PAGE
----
Another recurring theme in my book On the Moor is entropy—both in its original thermodynamic sense (which I won’t go into here), and in the analogous sense of information loss: how, over time, everything we know will ultimately be forgotten.
Herostratus lives that burnt the temple of Diana, he is almost lost that built it. Time hath spared the epitaph of Adrian’s horse, confounded that of himself… Who knows whether the best of men be known, or whether there be not more remarkable persons forgot, than any that stand remembered in the known account of time? The first man had been as unknown as the last, and Methuselah’s long life had been his only chronicle…. [T]he iniquity of oblivion blindly scattereth her poppy, and deals with the memory of men without distinction to merit of perpetuity.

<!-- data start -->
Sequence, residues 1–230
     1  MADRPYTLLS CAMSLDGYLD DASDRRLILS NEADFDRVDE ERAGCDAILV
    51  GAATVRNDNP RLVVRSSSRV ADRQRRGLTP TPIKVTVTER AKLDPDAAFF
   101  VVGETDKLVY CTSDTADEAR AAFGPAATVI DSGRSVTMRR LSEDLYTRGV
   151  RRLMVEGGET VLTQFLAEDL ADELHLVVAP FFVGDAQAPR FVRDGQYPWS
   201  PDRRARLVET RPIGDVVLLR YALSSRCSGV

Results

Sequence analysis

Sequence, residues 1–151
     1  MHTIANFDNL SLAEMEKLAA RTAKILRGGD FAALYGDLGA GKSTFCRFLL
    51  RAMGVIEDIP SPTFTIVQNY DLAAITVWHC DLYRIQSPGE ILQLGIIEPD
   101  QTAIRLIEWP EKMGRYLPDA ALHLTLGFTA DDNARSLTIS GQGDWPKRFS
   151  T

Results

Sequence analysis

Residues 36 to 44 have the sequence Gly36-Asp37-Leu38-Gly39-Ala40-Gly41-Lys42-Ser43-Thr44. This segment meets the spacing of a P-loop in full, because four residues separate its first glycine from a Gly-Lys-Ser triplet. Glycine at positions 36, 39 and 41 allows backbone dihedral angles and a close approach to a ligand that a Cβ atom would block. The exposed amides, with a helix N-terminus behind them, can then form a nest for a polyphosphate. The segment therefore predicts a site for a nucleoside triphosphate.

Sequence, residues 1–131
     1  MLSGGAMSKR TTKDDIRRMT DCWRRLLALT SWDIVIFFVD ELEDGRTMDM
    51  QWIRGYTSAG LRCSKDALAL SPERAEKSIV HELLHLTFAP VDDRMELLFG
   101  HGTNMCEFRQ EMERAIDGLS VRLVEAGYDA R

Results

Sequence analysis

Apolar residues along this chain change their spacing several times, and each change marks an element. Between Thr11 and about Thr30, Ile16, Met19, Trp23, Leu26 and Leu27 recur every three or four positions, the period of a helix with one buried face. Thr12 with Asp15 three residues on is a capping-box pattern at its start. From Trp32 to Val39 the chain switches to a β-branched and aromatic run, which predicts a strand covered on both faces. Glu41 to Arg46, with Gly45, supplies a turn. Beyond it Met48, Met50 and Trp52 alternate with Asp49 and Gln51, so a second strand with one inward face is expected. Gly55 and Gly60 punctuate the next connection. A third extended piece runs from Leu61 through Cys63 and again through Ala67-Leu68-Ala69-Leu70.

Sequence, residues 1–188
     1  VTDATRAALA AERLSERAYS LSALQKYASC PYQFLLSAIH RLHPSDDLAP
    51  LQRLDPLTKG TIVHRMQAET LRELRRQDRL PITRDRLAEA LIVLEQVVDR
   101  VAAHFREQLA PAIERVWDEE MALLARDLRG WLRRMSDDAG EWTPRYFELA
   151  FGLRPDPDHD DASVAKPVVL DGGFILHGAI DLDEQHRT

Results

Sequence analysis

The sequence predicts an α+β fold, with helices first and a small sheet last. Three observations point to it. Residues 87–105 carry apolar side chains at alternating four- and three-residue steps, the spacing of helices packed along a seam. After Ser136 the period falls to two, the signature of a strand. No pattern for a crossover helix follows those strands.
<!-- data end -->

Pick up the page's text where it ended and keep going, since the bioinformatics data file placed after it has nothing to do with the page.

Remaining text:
In the fudge-box-pretty village of Burton on my native Wirral Peninsula, there’s a moving example of exactly the sort of thing Browne was writing about: two graves, their inscriptions now utterly lost, although tantalising second-hand information from them has temporarily escaped the entropy:
Monuments to religious intolerance, these Quakers‘ graves were dug in the woods a stone’s throw from Burton church. Dissenters’ mortal remains were deemed unsuitable for burial in consecrated ground. Some early Quakers were happy to be buried in modest anonymity, but these two graves evidently once bore inscriptions:
Whether ELL were initials, or the start of the deceased’s name (Ellen? Ellias?), we will probably never know. That information has been lost to the entropy. Tragic, but inevitable—as ELL’s contemporary Sir Thomas Browne must surely have appreciated.